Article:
Professionals working in aging services often lament the difficulties of transitioning older adults from one care setting to another (watch for the upcoming Winter 2012−13 Generations, “Care Transitions in an Aging America,” for an in-depth exploration of the topic). Now, the Family Caregiver Alliance (FCA) has issued two reports examining the often ignored—yet absolutely essential—role family caregivers play in care transitions, and those caregivers’ skill levels and well-being.
The first report, issued October 2012, is Family Caregiving and Transitional Care: A Critical Review, which covers promising models that can make family caregivers an integral part of the transitions process, advocates for greater coordination between acute care medical services and long-term services and supports in transitional care, and includes policy, research and quality measurement recommendations. Report authors are FCA executive director Kathleen Kelly, long-term services and support consultant Mary Jo Gibson and patient rights advocate, Medicare and medical peer review expert Alan Kaplan.
The second report, Selected Caregiver Assessment Measures: A Resource Inventory for Practitioners, released December 2012, was developed by researchers and program developers to assess the skill levels and well-being of family caregivers, and is a follow-up to the FCA’s 2002 Resource Inventory. The report stresses the importance of assessing caregivers’ capabilities to provide care, and addresses their health and well-being.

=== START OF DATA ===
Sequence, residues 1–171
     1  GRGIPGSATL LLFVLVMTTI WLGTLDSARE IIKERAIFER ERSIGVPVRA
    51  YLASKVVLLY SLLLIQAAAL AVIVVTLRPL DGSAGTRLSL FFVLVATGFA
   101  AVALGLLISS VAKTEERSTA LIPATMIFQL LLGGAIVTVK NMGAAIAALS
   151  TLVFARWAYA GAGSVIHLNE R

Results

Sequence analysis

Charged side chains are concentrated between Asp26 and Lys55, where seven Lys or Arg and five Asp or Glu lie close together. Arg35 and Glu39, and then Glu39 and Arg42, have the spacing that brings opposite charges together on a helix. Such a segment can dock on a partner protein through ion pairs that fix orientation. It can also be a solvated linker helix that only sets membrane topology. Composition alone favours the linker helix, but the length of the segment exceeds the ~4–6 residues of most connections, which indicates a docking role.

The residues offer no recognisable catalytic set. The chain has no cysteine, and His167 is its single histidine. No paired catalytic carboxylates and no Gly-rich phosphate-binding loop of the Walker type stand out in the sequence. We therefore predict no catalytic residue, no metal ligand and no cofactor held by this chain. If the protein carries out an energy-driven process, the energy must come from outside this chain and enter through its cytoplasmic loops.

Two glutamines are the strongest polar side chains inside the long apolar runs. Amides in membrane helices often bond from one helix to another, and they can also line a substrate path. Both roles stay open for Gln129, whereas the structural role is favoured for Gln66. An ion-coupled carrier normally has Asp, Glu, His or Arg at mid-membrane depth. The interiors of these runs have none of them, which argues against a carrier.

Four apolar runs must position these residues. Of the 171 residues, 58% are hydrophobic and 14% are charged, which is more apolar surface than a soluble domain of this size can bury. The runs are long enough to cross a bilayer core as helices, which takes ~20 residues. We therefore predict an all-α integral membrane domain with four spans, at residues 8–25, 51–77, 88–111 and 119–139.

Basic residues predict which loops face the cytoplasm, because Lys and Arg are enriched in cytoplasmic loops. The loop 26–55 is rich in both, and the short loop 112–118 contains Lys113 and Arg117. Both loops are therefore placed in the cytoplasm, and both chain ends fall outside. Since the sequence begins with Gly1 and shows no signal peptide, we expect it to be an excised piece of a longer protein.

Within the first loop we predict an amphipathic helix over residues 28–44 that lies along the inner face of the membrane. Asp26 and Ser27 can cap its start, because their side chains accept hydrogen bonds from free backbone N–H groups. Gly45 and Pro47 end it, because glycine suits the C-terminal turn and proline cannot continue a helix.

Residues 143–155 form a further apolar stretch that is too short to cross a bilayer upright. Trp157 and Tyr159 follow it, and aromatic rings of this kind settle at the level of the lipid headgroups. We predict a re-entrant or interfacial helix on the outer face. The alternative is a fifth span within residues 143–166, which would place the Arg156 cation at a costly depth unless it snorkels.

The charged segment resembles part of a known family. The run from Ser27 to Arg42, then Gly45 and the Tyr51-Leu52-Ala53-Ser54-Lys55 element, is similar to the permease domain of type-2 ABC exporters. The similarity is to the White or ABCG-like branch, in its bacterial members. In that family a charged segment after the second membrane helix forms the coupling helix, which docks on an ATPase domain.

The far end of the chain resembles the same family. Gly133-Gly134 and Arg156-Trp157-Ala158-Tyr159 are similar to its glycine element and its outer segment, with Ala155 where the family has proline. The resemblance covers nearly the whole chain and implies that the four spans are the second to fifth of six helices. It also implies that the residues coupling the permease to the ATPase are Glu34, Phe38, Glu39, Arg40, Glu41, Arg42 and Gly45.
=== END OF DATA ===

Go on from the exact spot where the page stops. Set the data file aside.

Report findings state that family caregivers have “multiple, varied, and serious unmet financial, physical, emotional, and social needs. In order to continue providing care, family caregivers need assistance and support so that their physical and mental health needs are met rather than compromised.”
Produced in collaboration with the Benjamin Rose Institute on Aging and the Margaret Blenkner Research Institute, the report was compiled by Sarah Schwartz and Laura Darlak under the supervision of Carol Whitlatch, assistant director of the Margaret Blenkner Research Institute of the Benjamin Rose Institute on Aging and a member of the Generations Editorial Advisory Committee.
“As the population ages and caregiving needs increase throughout the country, the essential role families play in the healthcare system is undeniable,” says Kathleen Kelly. “At the same time, healthcare budgets are severely stressed and resources strained. Whether family caregivers provide transportation, food preparation, help with personal care or complex medical care such as dealing with wound care or feeding tubes, they are involved at every level. Unfortunately, caregivers’ needs are often unassessed, unrecognized, or even worse, ignored.”
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